We first read of him in a letter from Michiel De Ruyter to the Admiralty of Zeeland. On September 3, 1652, De Ruyter met Captain Hartman at sea, with some other ships, about 3 in the morning.

In April 1653, De Ruyter was on board Markus Hartman's ship, the Gekroonde Liefde, 36 guns (Middelburg Directors). In mid-May 1653, Captain Hartman was De Ruyter's Rear Admiral. De Ruyter commanded the fourth squadron of five in the Dutch fleet, prior to the Battle of the Gabbard.

In early August 1653, prior to the Battle of Scheveningen, Markus Hartman was still with De Ruyter. Captain Hartman's "squadron" (really, division) consisted of his ship, the Gekroonde Liefde of 36 guns, the ships of Jacob Wolphertsen (unknown name or guns), Jacob Swart (Vliegende Faam, 28 guns), and Captain de Bitter (the Mercurius of unknown guns).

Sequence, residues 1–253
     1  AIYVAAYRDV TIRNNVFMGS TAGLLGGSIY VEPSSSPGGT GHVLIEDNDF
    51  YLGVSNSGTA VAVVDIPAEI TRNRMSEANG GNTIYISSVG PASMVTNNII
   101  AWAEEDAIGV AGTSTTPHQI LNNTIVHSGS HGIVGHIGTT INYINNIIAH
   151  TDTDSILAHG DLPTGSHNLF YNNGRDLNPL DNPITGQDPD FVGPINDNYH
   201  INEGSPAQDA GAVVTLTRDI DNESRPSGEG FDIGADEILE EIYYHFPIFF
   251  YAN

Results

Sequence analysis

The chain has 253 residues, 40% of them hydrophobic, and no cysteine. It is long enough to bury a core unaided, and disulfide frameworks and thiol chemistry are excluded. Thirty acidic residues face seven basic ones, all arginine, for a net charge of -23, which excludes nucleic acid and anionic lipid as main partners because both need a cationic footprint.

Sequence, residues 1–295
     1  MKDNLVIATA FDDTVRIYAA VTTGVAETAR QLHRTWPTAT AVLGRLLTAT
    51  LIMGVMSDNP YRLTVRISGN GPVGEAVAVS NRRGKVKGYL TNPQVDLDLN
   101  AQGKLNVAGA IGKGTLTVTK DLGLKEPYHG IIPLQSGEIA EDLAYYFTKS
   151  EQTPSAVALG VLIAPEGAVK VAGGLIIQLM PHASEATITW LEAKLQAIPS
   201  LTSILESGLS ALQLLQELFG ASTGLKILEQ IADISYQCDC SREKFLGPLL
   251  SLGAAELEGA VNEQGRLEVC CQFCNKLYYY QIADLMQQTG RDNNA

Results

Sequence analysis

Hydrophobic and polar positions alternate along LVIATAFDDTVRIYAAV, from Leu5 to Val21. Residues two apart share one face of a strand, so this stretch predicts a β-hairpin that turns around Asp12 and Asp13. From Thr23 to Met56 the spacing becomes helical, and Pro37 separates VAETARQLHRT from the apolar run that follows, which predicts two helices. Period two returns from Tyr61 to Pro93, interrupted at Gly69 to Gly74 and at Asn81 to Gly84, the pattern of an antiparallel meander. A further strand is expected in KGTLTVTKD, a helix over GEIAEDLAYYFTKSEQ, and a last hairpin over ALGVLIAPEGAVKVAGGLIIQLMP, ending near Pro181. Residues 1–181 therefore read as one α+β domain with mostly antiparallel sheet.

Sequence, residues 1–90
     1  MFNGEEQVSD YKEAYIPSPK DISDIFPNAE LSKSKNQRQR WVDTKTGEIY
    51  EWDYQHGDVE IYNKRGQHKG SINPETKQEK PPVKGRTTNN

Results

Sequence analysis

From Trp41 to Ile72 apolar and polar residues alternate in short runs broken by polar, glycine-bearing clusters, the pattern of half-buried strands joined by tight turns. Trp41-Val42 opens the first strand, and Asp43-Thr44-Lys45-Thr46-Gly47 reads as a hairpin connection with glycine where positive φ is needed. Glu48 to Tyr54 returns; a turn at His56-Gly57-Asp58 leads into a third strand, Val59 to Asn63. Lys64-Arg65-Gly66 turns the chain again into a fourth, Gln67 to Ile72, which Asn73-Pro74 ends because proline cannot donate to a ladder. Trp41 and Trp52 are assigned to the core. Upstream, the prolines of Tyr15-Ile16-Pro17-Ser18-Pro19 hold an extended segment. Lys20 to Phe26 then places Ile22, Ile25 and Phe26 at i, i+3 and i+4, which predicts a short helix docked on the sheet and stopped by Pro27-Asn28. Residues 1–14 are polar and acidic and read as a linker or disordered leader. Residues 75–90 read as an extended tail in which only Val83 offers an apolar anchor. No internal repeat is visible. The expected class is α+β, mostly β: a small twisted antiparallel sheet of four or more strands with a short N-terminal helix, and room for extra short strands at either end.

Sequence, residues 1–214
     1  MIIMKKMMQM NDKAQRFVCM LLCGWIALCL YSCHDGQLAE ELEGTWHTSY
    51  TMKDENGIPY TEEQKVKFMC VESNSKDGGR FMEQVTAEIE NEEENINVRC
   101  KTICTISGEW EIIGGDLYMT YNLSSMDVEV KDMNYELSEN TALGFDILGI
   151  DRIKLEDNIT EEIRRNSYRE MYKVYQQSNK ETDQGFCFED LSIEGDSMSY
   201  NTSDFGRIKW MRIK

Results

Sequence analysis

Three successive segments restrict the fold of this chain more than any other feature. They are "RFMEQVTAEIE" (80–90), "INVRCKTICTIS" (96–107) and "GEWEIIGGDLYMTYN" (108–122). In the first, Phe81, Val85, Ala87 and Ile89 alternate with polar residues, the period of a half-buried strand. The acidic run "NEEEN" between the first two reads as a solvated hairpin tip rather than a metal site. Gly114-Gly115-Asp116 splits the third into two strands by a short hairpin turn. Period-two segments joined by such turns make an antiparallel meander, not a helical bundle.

Wednesday, July 14, 2004

There is a copy of Frank Fox's first book for sale

I noticed that there is a copy of Frank Fox's first book, Great Ships: the Battlefleet of King Charles II, for sale at Albion Books. What is significant about this book is the priced. I own multiple copies, and never paid more then $80 (US). This copy is for sale at $254.53 (converted to dollars from pound sterling, presumably).

I would expect that unless someone is really wanting this book and willing to pay a premium, this copy could be for sale for some time. I use for finding used and out-of-print books. I have consistently found that more useful than Amazon, although for finding Frank Fox's second book, A Distant Storm: the four days battle of 1666, the only option seems to be